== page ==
2. Our nation produces very few jurists of the caliber of Justice DOUGLAS and his peers these days. Here is that great civil libertarian, who recognized government as both a blessing and, when corrupted by ideological interests, a curse: "Once the investigator has only the conscience of government as a guide, the conscience can become ‘ravenous,’ as Cromwell, bent on destroying Thomas More, said in Bolt, A Man For All Seasons (1960), p. 120. The First Amendment mirrors many episodes where men, harried and harassed by government, sought refuge in their conscience, as these lines of Thomas More show: ‘MORE: And when we stand before God, and you are sent to Paradise for doing according to your conscience, *575 and I am damned for not doing according to mine, will you come with me, for fellowship? ‘CRANMER: So those of us whose names are there are damned, Sir Thomas? ‘MORE: I don't know, Your Grace. I have no window to look into another man's conscience. I condemn no one. ‘CRANMER: Then the matter is capable of question? ‘MORE: Certainly. ‘CRANMER: But that you owe obedience to your King is not capable of question. So weigh a doubt against a certainty—and sign. ‘MORE: Some men think the Earth is round, others think it flat; it is a matter capable of question. But if it is flat, will the King's command make it round? And if it is round, will the King's command flatten it? No, I will not sign.’ Id., pp. 132—133. DOUGLAS THEN WROTE: Where government is the Big Brother,11 privacy gives way to surveillance. **909 But our commitment is otherwise. *576 By the First Amendment we have staked our security on freedom to promote a multiplicity of ideas, to associate at will with kindred spirits, and to defy governmental intrusion into these precincts" Gibson v. Florida Legislative Investigation Comm., 372 U.S. 539, 574-76, 83 S. Ct. 889, 908-09, 9 L. Ed. 2d 929 (1963) Mr. Justice DOUGLAS, concurring. I write: Happy Memorial Day to all -- God please bless our fallen who lived and died to preserve constitutional governance in our wonderful series of Republics. And God open the eyes of those government officials who denounce the constitutions of these Republics by arbitrary actions arising out capricious motives.

  3. From back in the day before secularism got a stranglehold on Hoosier jurists comes this great excerpt via Indiana federal court judge Allan Sharp, dedicated to those many Indiana government attorneys (with whom I have dealt) who count the law as a mere tool, an optional tool that is not to be used when political correctness compels a more acceptable result than merely following the path that the law directs: ALLEN SHARP, District Judge. I. In a scene following a visit by Henry VIII to the home of Sir Thomas More, playwriter Robert Bolt puts the following words into the mouths of his characters: Margaret: Father, that man's bad. MORE: There is no law against that. ROPER: There is! God's law! MORE: Then God can arrest him. ROPER: Sophistication upon sophistication! MORE: No, sheer simplicity. The law, Roper, the law. I know what's legal not what's right. And I'll stick to what's legal. ROPER: Then you set man's law above God's! MORE: No, far below; but let me draw your attention to a fact I'm not God. The currents and eddies of right and wrong, which you find such plain sailing, I can't navigate. I'm no voyager. But in the thickets of law, oh, there I'm a forester. I doubt if there's a man alive who could follow me there, thank God... ALICE: (Exasperated, pointing after Rich) While you talk, he's gone! MORE: And go he should, if he was the Devil himself, until he broke the law! ROPER: So now you'd give the Devil benefit of law! MORE: Yes. What would you do? Cut a great road through the law to get after the Devil? ROPER: I'd cut down every law in England to do that! MORE: (Roused and excited) Oh? (Advances on Roper) And when the last law was down, and the Devil turned round on you where would you hide, Roper, the laws being flat? (He leaves *1257 him) This country's planted thick with laws from coast to coast man's laws, not God's and if you cut them down and you're just the man to do it d'you really think you would stand upright in the winds that would blow then? (Quietly) Yes, I'd give the Devil benefit of law, for my own safety's sake. ROPER: I have long suspected this; this is the golden calf; the law's your god. MORE: (Wearily) Oh, Roper, you're a fool, God's my god... (Rather bitterly) But I find him rather too (Very bitterly) subtle... I don't know where he is nor what he wants. ROPER: My God wants service, to the end and unremitting; nothing else! MORE: (Dryly) Are you sure that's God! He sounds like Moloch. But indeed it may be God And whoever hunts for me, Roper, God or Devil, will find me hiding in the thickets of the law! And I'll hide my daughter with me! Not hoist her up the mainmast of your seagoing principles! They put about too nimbly! (Exit More. They all look after him). Pgs. 65-67, A MAN FOR ALL SEASONS A Play in Two Acts, Robert Bolt, Random House, New York, 1960. Linley E. Pearson, Atty. Gen. of Indiana, Indianapolis, for defendants. Childs v. Duckworth, 509 F. Supp. 1254, 1256 (N.D. Ind. 1981) aff'd, 705 F.2d 915 (7th Cir. 1983)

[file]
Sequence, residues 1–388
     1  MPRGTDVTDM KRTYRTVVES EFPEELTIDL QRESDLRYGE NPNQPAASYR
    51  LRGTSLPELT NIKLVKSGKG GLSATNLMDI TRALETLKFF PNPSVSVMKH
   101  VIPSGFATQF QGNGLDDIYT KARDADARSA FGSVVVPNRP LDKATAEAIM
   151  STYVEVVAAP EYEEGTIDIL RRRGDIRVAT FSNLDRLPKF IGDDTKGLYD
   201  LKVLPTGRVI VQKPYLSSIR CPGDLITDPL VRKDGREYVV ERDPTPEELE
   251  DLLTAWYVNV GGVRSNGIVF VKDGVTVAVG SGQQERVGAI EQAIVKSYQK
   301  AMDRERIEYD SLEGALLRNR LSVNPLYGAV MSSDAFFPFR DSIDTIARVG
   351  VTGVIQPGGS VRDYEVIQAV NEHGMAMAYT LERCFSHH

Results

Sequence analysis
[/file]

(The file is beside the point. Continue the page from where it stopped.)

4. "Meanwhile small- and mid-size firms are getting squeezed and likely will not survive unless they become a boutique firm." I've been a business attorney in small, and now mid-size firm for over 30 years, and for over 30 years legal consultants have been preaching this exact same mantra of impending doom for small and mid-sized firms -- verbatim. This claim apparently helps them gin up merger opportunities from smaller firms who become convinced that they need to become larger overnight. The claim that large corporations are interested in cost-saving and efficiency has likewise been preached for decades, and is likewise bunk. If large corporations had any real interest in saving money they wouldn't use large law firms whose rates are substantially higher than those of high-quality mid-sized firms.

  5. The family is the foundation of all human government. That is the Grand Design. Modern governments throw off this Design and make bureaucratic war against the family, as does Hollywood and cultural elitists such as third wave feminists. Since WWII we have been on a ship of fools that way, with both the elite and government and their social engineering hacks relentlessly attacking the very foundation of social order. And their success? See it in the streets of Fergusson, on the food stamp doles (mostly broken families)and in the above article. Reject the Grand Design for true social function, enter the Glorious State to manage social dysfunction. Our Brave New World will be a prison camp, and we will welcome it as the only way to manage given the anarchy without it.